Remember the days when the internet was so slow that loading one picture took several minutes, you needed to know an hour in advance what song you wanted to listen to next on Napster, and video was completely out of the question? Only about a decade and a half ago, at the dawn of the digital age, we were excitedly listening to the dialling tones of our 56k modems tuning into a new world, eagerly waiting to be greeted by a handful of pixels.
The new breed of figurative design at the turn of the millennium was dominated by friendly, abstract and flat characters, so highly reduced they were almost bordering on typography. Characters were made up of bulky, rectangular pixels as if to celebrate the new medium of the computer screen.
At the same time, they avoided all narrative, biographical or cultural context, functioning purely in terms of appeal. It was exactly this quality that set them up to be the main players in a new, minimal yet highly emotional aesthetic that has since spread across the visual world.
Some of the most memorable characters of the time were designed by typographers like Büro Destruct. The Swiss graphic design agency was among those at the forefront of reduced figurative design, releasing very minimal, geometric characters alongside new typefaces.
It makes sense to understand the aesthetics of character design in terms of communication. Tellingly, the English word 'character' has multiple meanings. It describes a coded icon in a system of language, a figurative representation, as well as a persona. Fulfilling all three qualities was a distinctive feature of these early characters on the internet. The characters needed to function as a replacement of language - as if, with their universal appeal, they could transcend cultural differences and language boundaries, creating a graphical Esperanto that would put us all in the same global village.
The third meaning of the word, personification, was linked to the idea of the internet opening a new, virtual world in which these characters were supposedly at home. It is the most complex concept of character and brings us to the controversial question of whether humans can be graphically represented by avatars.
Before the internet gave characters a new territory to populate, their natural habitat was mainly in the worlds of animation or comics, as commercial mascots or in video games. Space Invaders - one of the first and most iconic arcade games to introduce character visuals - was all about playfully taming our technological angst. The unknown was clearly represented as an archetypical, hostile alien race approaching our world.
The design of the aliens was focused on anthropomorphising a handful of pixels, which created an iconic logotype that continues to communicate with generations even today. In contrast, the graphical representation of the player was nothing more than a pixelated icon of a gun firing to the sky. The idea of representation was completely non-existent.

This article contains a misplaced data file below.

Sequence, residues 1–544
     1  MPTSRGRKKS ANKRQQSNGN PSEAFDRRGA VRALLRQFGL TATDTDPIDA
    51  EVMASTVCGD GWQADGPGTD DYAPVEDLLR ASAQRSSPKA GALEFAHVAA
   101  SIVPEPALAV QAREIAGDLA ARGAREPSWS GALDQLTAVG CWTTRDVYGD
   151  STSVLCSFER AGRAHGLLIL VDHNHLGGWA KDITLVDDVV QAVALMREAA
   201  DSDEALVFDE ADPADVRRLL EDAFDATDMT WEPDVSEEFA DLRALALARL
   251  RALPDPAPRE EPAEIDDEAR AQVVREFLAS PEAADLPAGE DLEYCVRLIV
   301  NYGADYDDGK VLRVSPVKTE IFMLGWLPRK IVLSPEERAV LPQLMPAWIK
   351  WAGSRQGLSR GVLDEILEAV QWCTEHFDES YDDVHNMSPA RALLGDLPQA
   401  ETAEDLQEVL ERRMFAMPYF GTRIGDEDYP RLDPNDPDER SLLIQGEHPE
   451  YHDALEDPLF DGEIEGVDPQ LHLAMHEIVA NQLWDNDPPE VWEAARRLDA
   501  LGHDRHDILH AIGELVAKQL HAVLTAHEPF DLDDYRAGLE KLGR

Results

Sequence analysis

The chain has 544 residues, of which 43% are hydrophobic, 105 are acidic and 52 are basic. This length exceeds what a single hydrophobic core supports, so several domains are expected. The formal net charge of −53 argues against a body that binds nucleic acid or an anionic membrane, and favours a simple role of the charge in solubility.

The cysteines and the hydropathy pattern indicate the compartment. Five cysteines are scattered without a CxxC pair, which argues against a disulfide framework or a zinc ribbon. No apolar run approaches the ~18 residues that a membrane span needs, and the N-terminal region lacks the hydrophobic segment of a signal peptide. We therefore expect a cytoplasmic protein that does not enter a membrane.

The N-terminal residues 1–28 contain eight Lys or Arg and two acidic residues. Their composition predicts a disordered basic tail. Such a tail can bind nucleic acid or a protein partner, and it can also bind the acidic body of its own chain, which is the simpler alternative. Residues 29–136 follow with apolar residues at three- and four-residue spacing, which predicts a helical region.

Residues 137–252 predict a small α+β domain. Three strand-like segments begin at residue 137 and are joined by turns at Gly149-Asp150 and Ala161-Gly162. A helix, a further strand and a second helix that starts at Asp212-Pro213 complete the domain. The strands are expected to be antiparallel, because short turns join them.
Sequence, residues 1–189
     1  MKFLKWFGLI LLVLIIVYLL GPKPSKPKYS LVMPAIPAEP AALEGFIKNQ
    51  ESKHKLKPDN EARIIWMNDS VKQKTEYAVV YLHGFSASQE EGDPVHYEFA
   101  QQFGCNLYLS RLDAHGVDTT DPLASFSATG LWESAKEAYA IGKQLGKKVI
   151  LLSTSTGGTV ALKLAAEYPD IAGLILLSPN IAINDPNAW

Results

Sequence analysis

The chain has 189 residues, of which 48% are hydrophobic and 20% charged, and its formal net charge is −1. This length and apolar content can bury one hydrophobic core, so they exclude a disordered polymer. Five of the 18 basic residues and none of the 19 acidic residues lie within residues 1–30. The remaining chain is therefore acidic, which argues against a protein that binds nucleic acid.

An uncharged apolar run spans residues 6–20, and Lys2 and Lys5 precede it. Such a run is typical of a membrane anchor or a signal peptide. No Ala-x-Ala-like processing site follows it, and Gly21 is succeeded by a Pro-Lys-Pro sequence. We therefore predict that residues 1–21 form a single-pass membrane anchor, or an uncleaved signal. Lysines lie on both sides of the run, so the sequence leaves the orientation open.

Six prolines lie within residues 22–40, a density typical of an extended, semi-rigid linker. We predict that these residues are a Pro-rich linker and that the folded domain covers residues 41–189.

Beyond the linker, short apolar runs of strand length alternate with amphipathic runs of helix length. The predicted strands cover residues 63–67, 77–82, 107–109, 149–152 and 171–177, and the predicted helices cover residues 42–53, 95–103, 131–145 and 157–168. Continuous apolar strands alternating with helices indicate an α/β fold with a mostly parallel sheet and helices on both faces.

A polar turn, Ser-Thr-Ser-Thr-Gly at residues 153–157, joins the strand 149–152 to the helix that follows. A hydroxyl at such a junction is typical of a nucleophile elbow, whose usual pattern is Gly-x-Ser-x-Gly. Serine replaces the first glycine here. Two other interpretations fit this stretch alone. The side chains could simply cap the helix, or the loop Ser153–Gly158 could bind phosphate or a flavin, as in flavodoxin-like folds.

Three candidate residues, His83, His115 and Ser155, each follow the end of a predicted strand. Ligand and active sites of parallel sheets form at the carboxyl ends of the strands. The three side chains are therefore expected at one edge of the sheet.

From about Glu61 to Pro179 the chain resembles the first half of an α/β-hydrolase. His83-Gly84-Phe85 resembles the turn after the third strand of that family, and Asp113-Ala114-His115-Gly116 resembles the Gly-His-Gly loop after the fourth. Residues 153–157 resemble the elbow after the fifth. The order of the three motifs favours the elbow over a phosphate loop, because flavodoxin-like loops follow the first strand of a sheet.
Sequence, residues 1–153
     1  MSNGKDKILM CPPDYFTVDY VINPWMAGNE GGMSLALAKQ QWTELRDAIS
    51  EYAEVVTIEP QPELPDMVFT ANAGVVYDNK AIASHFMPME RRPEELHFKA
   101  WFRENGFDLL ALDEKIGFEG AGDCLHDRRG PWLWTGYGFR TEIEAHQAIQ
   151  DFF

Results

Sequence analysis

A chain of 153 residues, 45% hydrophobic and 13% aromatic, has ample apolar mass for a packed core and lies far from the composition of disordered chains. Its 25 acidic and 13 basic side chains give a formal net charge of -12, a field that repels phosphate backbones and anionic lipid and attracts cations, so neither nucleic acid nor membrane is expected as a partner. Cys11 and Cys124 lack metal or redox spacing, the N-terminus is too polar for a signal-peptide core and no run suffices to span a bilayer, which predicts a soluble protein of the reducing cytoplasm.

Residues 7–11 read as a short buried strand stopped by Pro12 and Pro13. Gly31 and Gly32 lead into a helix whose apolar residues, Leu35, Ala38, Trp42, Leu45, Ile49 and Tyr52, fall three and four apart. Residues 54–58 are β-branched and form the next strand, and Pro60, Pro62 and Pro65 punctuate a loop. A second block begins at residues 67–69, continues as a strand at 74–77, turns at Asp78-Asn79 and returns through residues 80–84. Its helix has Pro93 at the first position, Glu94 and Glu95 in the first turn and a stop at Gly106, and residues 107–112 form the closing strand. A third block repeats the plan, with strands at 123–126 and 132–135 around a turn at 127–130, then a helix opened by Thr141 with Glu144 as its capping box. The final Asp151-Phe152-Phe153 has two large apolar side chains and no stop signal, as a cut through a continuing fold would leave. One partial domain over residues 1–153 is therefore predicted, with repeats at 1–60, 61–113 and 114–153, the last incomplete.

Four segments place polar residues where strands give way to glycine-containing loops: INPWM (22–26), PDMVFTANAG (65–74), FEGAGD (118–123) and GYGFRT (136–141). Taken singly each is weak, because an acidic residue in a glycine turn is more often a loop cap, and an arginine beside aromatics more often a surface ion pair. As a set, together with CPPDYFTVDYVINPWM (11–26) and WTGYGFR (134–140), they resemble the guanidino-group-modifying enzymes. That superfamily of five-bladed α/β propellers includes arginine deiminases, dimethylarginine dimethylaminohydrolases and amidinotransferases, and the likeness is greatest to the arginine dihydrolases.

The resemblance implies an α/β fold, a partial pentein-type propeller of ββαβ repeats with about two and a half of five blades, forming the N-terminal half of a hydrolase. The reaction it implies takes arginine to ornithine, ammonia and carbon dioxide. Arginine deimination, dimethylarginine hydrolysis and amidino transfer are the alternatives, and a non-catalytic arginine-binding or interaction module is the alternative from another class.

Graphic novels, comics and the animation industry have created an endless stream of iconic characters that continuously dominate popular culture. But these genres subject their characters to a strict narration and biography. Our understanding of them is guided by a knowledge of their behavioural patterns, aims, needs and their interaction with others. This is where the character iconology of the internet differed fundamentally - the characters here were solely dependent on making a visual connection and had nothing more to tell us than 'hello'.
Cutting through the white noise
Indeed, the characters of the internet boom had much more in common with the idea of a commercial mascot. The history of this phenomenon started with the Michelin Man. In 1894, a stack of tyres reminded the brothers who were running the business of a standing man, and the first mascot ever to be developed by a corporation as the face of a brand was born.
What followed was an avalanche of new mascots. Characters on cereal boxes; Ronald McDonald, both in costume and graphics; the Esso Tiger, blown out of proportion on the roof of gas stations; and the chocolate drop-shaped creatures for M&Ms are just a few examples of the mascots still known globally today. The mascot is a phenomenon that can best be understood in terms of visual communication. Positioning Theory, predominant in marketing since the 1970s, uses the example of a ballooning mass communication that makes it more and more difficult for any message to reach the recipient.
In order for a brand to succeed, it needs a focused and simple position that differentiates it from any other, making it unique in the consumer's mind. Only a clear, direct message can cut through the growing white noise of information overload in order to reach the consumer. And mascots have been conceived as essential partners in this process.
Positioning Theory can also enhance our understanding of how characters communicate on the internet. The character visuals that emerged online reinforced a reduced and minimal facial pattern, an aesthetic that has been linked with the very origins of image culture. These patterns were the key to communication without words, drawing our attention to websites. They acted not as a form of human representation, but the incarnation of beings living in a virtual world - they were friendly gatekeepers, functioning more like a mask or mascot does than the narrative characters in animations and comics.
Of course, to conjure this mantra today seems anachronistic. By now we are used to instant photography and video, wherever and whenever we want it. We are uploading, sharing and multiplying a never-ending stream of photos, depicting our food, our pets, our faces. There seems to be no more need for reduced or abstract representation. So, where have all the characters gone?
The move to reality
The desire to break free from the internet came early on in its history. Urban designer toys - direct translations of digital perfectionism, with their minimal, geometrical shapes - saw their peak in popularity right at the beginning of the millennium.